that he was into track and field. He was my heart throb back then. As I recall,
I was able to catch his eye for a while.
Now regarding what I have been doing since graduation - Here goes -
After graduating from SW, I was accepted at the U of M, and U of F, but had had
enough of school. I wanted a break, but to appease my parents who had high hopes
for their only child, I ended up at Miami-Dade. Honestly, I was afraid to leave
the security of home. My Dad will tell you today, that I pursued an Mrs. degree.
At Miami-Dade, I met Bruce Gibson, a '66 graduate of Coral Park, our rival
school. We eventually married.
I didn't adjust well to college life, it required one to study in
order to do well, not so much so, in high school. I was involved in student
government for a while, but the social circles, held more interest for me. My
grades as they were, began to fall, as did my attendance. I guess it was
inevitable, that I dropped out and got a full time job. Bruce enlisted in the
Army and was sent to Viet Nam after we got engaged. When he returned in '70, we
were married. Two weeks later, he was off to Germany. I followed, two months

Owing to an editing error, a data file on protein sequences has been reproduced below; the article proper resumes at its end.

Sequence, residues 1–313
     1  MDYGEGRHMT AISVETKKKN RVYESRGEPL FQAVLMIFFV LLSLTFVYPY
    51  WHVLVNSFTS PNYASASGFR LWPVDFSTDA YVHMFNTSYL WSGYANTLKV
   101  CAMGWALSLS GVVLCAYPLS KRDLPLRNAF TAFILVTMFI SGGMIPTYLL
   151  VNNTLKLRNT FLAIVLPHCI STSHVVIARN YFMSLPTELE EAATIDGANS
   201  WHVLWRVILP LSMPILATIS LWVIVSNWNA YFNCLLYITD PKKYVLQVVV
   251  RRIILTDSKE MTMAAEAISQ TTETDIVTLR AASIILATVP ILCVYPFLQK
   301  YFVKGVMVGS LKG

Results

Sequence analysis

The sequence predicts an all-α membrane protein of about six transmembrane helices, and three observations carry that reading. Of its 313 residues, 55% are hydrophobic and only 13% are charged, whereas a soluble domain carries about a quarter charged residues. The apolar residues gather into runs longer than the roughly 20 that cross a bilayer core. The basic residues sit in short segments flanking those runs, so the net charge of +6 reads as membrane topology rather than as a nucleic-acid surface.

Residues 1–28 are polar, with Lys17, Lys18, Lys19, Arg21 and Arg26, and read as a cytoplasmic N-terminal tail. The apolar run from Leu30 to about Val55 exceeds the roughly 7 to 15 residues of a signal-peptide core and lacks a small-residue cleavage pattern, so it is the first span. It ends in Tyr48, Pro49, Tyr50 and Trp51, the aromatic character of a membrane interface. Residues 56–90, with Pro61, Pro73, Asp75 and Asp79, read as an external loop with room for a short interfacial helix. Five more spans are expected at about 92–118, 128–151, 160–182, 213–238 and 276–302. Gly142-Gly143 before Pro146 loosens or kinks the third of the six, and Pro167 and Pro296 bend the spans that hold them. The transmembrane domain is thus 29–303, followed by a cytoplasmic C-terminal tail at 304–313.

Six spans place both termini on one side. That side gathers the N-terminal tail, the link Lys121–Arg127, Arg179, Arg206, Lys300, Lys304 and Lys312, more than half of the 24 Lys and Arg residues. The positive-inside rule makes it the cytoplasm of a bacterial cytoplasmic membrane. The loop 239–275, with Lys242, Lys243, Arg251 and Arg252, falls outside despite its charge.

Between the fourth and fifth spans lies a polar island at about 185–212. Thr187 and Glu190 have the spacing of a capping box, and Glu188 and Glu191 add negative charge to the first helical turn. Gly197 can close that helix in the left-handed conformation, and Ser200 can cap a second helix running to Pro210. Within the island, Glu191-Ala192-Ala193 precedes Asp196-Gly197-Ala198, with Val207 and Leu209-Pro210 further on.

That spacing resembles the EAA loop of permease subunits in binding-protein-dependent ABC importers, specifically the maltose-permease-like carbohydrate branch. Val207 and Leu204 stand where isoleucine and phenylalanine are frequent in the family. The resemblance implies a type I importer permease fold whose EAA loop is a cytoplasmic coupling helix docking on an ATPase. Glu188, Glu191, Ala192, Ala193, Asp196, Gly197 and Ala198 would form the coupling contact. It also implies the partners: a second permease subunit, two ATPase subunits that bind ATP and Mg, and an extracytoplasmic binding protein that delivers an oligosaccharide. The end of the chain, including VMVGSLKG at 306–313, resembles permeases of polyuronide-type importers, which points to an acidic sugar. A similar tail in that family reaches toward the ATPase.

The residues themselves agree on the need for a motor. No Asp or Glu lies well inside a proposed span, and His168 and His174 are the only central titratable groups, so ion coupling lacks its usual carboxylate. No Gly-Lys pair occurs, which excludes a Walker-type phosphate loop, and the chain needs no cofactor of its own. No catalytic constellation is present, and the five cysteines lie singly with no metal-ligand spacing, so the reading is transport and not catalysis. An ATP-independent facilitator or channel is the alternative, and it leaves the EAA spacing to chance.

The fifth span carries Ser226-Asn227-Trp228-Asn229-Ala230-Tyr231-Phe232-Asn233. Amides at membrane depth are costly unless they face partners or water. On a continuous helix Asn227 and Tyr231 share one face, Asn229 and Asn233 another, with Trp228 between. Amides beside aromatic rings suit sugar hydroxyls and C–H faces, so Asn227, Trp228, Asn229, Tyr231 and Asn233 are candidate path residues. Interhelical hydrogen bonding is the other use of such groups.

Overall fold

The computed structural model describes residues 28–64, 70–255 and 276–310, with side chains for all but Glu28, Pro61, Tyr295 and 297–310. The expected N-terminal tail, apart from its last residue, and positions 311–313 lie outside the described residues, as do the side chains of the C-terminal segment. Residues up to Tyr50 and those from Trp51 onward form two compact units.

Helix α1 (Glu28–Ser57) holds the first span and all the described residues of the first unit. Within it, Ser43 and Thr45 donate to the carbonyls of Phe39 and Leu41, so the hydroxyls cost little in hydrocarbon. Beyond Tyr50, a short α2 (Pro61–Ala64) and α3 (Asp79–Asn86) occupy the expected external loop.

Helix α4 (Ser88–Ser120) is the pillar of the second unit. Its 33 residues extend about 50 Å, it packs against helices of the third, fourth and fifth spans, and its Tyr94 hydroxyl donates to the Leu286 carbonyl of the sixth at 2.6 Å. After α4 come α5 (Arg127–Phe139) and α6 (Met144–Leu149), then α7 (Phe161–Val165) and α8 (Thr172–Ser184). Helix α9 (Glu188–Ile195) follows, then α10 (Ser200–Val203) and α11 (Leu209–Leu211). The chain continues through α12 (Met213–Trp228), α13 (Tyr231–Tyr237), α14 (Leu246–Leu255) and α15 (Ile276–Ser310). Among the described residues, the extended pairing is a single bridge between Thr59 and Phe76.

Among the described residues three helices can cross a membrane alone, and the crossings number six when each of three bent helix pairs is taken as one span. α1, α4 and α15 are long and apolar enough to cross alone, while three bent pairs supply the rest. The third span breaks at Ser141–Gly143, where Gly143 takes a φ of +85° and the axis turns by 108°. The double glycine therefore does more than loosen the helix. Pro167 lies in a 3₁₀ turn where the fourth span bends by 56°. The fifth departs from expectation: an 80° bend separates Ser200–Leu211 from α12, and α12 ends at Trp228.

later. For me, it was like going to another planet. This was my first time
leaving home. I led a sheltered life! What an experience though, we lived in
Munich for about a year. We traveled through Austria to Italy. We saw the
Vatican, the Roman forum, etc. While in Germany, I saw snow for the first time,
since I was a very little girl. I acted like a kid. We made snowmen, snow
butterflies, and had snowball fights, which I usually lost! Bruce reenlisted and
we moved to Frankfurt, where our daughter was born. "We" spent 20
years in the military, most of which was time spent in Germany. Our stateside
tours were generally short-lived. Over the years, we lived at Ft. Benning, GA,
Ft. Campbell, KY, and finally at Ft. Gordon, GA, where we settled after Bruce's
retirement from the military. Our son was born between assignments, while we
were home in Miami.
It was probably my association with the military that lead me to my
career in the federal service. Finally, it was my career that brought us back to
Ft. Benning, GA. We live in a small community called Fortson, which is north of
Columbus. After approximately 18 years with the government, I was facing the
possibility of losing my job because of government downsizing. Interesting term,